If you spent any time in a legit nightclub in 2014, there's a good chance you heard Danny Daze's "Silicon." The track was an infectious cut that blended sonic touches from Miami's dance music scene -- including repurposing the obnoxious horn FX, as well as techno's rougher edges that some find intolerable.
"Silicon" is effectively Miami's best take on German tanzmusik -- all while keeping it strictly danceable.
The EP was released through Ultramajic, a label founded by Detroit-raised, Los Angeles-based musician Jimmy Edgar, along with artist Pilar Zeta and Machinedrum.
See also: EDM's Five Greatest Delusions
Edgar and Daze are good friends, and it's easy to see why. Both are formidable producers while being skilled DJs too. They also both found wider audiences after leaving their hometowns. And they are both part of a new wave of electronic artists poised to capitalize on EDM's waning popularity.
They've also both been hard at work. Daze just released his new Four EP as Omnidisc's inaugural offering, and Edgar provided the January installment for the always-popular Fabriclive series. (By the way, it's Fabriclive 79! Don't we feel old.)
The duo will put their friendship (and talents) on display when they hit the DJ booth at Trade this weekend. So we at New Times reached out to Edgar and Daze to talk about how they met, the confusion between the terms DJ and producer, and what exactly DJ'ing back-to-back entails.
*Note: Answers have been edited for clarity.
New Times: First of all, besides the gig at Trade, what brought you together?
Danny Daze: Jimmy and I have known each other for a long time. We met through mutual friends in Miami, way back in the day through the experimental scene that was bubbling out here.
Jimmy Edgar: We have lots of mutual friends from the Detroit-Miami connection. Otherwise, we both have like-minded taste in music, and I think that is really what brought us together.
You're spectacular producers, but you're phenomenal DJs as well -- and let's face it, not every producer is an apt DJ. Do you think terms "producer" and "DJ" are erroneously believed to be the same thing?
Daze: Nowadays, unfortunately, yes. The term "DJ" now just means the person standing up there behind the DJ booth playing music. A lot of people have no clue if the person is a producer as well or simply just a DJ. I've always taken actual DJ'ing very seriously. I'm a DJ first, producer second. I've been playing all sorts of clubs in Miami the last ten years, so it gave me a really good spectrum of music to reach out to when DJ'ing and trying to push the crowd further. Being able to read a crowd takes years of clearing dance floors.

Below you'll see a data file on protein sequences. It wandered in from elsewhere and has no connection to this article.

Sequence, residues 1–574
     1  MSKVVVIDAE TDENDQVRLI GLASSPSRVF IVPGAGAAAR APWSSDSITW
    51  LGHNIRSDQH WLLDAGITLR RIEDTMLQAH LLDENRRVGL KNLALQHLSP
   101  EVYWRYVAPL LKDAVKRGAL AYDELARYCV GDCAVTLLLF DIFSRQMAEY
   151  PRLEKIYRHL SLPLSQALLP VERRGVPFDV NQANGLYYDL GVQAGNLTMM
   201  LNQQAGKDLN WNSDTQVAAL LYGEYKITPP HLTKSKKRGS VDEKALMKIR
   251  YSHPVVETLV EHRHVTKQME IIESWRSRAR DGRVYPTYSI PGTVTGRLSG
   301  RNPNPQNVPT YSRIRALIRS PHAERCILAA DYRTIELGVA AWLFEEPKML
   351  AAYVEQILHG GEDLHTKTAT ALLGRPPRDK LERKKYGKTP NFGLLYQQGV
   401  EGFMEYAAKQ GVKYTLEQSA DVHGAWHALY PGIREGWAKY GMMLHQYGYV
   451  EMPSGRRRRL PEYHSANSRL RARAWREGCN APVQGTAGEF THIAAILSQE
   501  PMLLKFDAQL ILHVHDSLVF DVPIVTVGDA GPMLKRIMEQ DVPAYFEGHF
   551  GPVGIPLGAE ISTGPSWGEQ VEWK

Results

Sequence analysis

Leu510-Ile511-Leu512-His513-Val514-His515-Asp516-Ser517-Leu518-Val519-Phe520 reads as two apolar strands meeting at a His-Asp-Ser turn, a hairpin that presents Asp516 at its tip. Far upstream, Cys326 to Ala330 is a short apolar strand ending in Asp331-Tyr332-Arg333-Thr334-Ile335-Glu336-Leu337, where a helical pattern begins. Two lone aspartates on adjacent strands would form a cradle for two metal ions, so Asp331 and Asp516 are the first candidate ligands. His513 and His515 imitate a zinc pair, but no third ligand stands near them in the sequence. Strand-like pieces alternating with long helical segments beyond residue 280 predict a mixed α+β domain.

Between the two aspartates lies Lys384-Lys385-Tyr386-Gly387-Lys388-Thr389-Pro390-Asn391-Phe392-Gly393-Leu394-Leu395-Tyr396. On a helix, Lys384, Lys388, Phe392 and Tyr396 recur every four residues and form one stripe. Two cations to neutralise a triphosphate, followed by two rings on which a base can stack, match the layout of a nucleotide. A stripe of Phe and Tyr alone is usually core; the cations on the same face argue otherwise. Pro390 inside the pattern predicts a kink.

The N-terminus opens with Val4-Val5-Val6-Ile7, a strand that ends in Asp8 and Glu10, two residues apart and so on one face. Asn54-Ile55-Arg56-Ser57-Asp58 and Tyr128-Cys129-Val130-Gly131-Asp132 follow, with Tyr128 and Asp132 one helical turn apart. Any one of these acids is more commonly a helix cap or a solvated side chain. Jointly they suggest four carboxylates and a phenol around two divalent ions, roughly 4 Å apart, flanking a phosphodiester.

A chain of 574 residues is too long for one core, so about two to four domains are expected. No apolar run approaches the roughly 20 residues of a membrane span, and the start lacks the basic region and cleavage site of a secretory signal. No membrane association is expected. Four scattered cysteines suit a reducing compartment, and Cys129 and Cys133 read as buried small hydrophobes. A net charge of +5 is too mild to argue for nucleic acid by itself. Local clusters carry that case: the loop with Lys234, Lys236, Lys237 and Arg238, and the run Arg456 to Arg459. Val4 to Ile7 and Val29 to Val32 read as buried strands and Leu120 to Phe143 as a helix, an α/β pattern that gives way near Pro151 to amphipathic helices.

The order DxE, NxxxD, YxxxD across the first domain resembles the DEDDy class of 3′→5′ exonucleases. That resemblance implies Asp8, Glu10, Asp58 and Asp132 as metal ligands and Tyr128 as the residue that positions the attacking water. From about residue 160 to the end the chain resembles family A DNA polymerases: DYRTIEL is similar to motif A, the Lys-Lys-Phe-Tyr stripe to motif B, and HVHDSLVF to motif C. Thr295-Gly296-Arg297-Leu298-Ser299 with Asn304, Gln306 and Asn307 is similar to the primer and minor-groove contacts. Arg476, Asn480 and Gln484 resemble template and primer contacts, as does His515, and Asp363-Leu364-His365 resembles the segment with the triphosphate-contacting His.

Edgar: I think both terms are somewhat ambiguous to people without the eyes to recognize. This is fine, it's just a matter of being uneducated on the subject, and I am hesitant to judge people with the interest to learn more. I'm confident with what I do, and I don't care what people think of it; this isn't why I do it.
See also: Five Worst EDM Gimmicks
What do you say to people that think that DJ'ing is just mindless button pushing?
Daze: I tell them they're right, and just move on. Although, I do gotta mention: There are quite a few push-button DJs out there. The entire craft of DJ'ing deteriorated once Serato and Traktor really took off. I can't get into it when it comes to what people think DJ'ing is. They either get what some of us do or they don't. Whoever has seen me play knows I'm not just pushing buttons. I'm also twirling them.
Edgar: That's pretty ignorant, in all fairness. But on the flip side, there are some DJs out there who are not adding much value to the culture, so it doesn't surprise me that "mindless button pushing" would even enter consciousness. If every DJ was amazing, then this wouldn't even be a subject. It comes down to the way humanity is on a whole, don't you think?
I think it's safe to say EDM is on the decline, but there is now a large group of people who are interested, at least marginally, in dance music. Do you think underground dance acts can capitalize on all those potential new listeners?
Daze: The great thing about EDM was how many random people it swept into dance music. Ten percent of those EDM club-goers now know who a lot of these more so-called "underground" acts are. I use the word underground very lightly as well, as that word shouldn't even exist anymore. I myself have seen a huge transition in any sort of followers I have in the States. Oddly enough, you'll get a tweet from someone saying they heard Diplo, Radio Slave, Salva, and myself play at this one festival. Pretty shocked at the wide spectrum of music people are listening to these days, and this all stems from EDM.
Edgar: The door has been opened and those that choose can walk through and listen to the fruits.
A characteristic that ties you both is your refusal to stick to one genre, especially when it feels like dance music is all about labeling things. Do you think that genre hopping allows for more experimentation?